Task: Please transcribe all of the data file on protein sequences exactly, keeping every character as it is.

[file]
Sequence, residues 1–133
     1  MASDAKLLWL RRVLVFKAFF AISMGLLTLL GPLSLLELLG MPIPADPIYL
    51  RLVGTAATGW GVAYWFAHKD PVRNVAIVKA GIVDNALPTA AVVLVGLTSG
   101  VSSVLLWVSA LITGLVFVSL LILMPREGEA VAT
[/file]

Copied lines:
Sequence, residues 1–133
     1  MASDAKLLWL RRVLVFKAFF AISMGLLTLL GPLSLLELLG MPIPADPIYL
    51  RLVGTAATGW GVAYWFAHKD PVRNVAIVKA GIVDNALPTA AVVLVGLTSG
   101  VSSVLLWVSA LITGLVFVSL LILMPREGEA VAT